Google’s Illinois Impact Challenge a ‘Shark Tank’ for economic development ideas
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It’s Google’s version of TV’s “Shark Tank.”
But this panel of judges range from a former Illinois governor to a White House chief of staff for a first lady, and even a Chicago Bear.
Google is set to announce the Thursday launch of the Illinois Impact Challenge, its first statewide competition inviting nonprofits to birth bold new ideas to create economic opportunity in their communities. The prize: $75,000 in grant funding, plus training.
While the technology giant has previously offered such competitions elsewhere, those were city focused in Cleveland, Columbia, Oklahoma City and Pittsburgh.
This is the first to be opened up to an entire state.
“Illinois is an incredibly diverse state, with a wide variety of issues that impact different communities. We really want to surface the best solutions to help all of Illinois,” said Karen Sauder, head of Google in Chicago. “It’s reasonable to expect a rural nonprofit might have a different viewpoint on economic solutions than an urban nonprofit.”
So the company put up $1 million and assembled a dream team panel that will select 10 winners with ideas to grow the economy of neighborhoods like Englewood, or those in downstate cities like Peoria.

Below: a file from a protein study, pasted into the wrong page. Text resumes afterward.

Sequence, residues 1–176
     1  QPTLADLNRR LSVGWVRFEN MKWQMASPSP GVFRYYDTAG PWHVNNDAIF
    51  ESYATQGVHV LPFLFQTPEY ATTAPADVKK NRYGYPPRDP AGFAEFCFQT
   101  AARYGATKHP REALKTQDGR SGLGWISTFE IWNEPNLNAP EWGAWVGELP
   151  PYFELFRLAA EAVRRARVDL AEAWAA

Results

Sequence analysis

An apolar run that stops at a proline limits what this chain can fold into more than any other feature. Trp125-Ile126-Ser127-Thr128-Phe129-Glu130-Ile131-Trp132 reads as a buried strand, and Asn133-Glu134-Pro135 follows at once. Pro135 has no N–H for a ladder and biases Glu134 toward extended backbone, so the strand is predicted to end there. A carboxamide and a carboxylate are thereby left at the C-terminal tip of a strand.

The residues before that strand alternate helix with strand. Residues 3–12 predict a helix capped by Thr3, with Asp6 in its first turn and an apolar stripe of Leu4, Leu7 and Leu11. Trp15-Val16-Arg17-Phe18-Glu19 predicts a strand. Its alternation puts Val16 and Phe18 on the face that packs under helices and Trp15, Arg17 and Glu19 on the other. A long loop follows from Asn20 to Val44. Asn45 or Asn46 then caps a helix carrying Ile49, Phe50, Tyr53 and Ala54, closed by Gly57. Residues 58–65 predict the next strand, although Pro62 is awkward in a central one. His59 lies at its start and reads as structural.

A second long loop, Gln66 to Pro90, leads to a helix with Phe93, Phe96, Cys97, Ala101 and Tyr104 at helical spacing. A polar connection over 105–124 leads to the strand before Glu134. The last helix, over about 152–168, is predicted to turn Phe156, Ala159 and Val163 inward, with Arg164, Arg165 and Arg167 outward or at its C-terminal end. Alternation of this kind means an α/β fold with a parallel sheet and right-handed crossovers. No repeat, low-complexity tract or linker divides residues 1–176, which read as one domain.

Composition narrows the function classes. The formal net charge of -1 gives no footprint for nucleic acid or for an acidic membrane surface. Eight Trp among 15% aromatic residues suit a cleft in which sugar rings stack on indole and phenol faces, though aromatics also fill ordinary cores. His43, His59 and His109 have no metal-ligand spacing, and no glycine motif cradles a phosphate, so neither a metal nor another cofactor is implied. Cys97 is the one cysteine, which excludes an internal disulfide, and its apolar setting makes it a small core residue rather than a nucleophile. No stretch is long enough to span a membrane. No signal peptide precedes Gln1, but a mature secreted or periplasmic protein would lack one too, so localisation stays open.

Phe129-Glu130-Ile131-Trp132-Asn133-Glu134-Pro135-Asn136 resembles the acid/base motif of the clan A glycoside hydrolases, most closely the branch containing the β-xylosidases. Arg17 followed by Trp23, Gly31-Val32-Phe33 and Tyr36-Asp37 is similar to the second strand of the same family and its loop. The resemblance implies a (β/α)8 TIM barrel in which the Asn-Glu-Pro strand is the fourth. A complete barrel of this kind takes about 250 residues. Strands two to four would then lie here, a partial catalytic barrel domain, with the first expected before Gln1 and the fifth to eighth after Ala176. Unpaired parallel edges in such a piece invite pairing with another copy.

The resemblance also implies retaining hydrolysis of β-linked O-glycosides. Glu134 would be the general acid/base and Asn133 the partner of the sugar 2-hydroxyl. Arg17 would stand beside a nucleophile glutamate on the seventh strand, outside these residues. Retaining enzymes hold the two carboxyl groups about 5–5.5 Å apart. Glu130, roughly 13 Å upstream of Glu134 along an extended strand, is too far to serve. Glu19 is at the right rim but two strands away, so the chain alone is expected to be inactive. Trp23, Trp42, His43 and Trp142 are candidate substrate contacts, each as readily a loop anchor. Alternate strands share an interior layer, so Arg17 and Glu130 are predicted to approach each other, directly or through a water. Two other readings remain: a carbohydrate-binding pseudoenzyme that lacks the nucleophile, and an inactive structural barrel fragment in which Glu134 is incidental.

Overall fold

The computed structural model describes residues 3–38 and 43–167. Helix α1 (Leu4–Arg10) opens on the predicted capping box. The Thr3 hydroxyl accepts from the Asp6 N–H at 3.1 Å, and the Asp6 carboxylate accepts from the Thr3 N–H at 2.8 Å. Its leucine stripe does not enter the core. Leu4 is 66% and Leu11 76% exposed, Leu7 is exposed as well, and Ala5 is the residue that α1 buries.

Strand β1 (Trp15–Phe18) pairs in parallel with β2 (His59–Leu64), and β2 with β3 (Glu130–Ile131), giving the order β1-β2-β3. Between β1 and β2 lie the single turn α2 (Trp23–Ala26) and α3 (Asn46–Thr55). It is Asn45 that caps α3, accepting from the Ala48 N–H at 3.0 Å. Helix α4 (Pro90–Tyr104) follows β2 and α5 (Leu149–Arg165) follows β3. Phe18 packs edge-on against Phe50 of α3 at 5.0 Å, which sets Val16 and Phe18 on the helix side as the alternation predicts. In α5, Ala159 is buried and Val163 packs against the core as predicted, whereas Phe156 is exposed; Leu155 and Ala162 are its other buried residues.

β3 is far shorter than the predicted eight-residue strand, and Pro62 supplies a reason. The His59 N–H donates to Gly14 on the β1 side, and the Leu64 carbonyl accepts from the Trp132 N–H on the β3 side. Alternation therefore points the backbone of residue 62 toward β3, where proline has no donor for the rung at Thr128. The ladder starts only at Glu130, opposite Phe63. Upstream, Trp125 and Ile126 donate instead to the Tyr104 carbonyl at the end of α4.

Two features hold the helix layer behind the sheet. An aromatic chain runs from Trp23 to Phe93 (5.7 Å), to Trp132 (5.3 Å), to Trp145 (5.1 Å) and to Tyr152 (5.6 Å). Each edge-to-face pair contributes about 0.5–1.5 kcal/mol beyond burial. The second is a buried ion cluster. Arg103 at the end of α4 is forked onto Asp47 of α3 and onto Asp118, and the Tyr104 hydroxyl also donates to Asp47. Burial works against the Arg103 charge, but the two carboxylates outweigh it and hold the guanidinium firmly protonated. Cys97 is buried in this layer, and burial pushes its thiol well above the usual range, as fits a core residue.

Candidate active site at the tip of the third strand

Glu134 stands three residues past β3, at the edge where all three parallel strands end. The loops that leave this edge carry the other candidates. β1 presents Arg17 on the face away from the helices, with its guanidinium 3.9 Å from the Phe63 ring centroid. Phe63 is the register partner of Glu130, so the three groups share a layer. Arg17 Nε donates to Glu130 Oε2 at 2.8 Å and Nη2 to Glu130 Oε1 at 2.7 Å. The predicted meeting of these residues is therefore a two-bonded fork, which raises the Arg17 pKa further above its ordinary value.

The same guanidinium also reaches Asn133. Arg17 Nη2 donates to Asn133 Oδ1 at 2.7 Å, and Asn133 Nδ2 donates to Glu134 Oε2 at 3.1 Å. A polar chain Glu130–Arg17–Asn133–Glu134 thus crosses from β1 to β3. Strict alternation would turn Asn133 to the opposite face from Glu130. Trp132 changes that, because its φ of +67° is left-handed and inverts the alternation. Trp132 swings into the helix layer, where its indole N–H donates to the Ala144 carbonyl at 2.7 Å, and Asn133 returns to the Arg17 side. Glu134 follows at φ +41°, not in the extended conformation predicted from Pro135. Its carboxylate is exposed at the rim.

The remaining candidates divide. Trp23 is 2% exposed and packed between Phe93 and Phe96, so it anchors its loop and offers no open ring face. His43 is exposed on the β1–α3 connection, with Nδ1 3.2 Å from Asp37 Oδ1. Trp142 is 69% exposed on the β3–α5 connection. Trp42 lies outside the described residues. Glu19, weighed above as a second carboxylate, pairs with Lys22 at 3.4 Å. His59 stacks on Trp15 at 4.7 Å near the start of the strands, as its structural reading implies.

But they won’t have the last word. That will be left to the public, which gets to vote on the best of the 10, with an additional $250,000 at stake.
“As the community foundation for this region, we are deeply committed to lifting up the work of community-based organizations, especially those serving communities struggling to find resources. So we will certainly be promoting it to nonprofits serving our communities,” said Chicago Community Trust’s Chief Operation Officer Andrea Saenz.
The Trust and Joyce Foundation bring the foundation expertise. They’re joined by political and sports heavyweights, Jim Edgar, former governor and founder of the Edgar Fellows program, and former Bear Matt Forte, founder of the “What’s Your Forte?” charity.
“To have Google come in and approach philanthropy in a Googlish way adds a lot of energy to what is already a very robust set of philanthropists on the ground,” Joyce Foundation President Ellen Alberding said. “The Joyce Foundation is all about policy, but clearly, tech and innovation is also a lever that has not been sufficiently utilized to address the deep-set problems of poverty and joblessness.”
The panel’s rounded out by an academic, Illinois State University President Larry Dietz; and Tina Tchen, former chief of staff to former First Lady Michelle Obama, now partner at Buckley Sandler.
“What’s especially great about this initiative is we’re encouraging local entrepreneurs to come up with solutions, and as I learned at the White House, solutions to these problems don’t come from the top down, but from grassroots people who know their communities best,” Tchen said.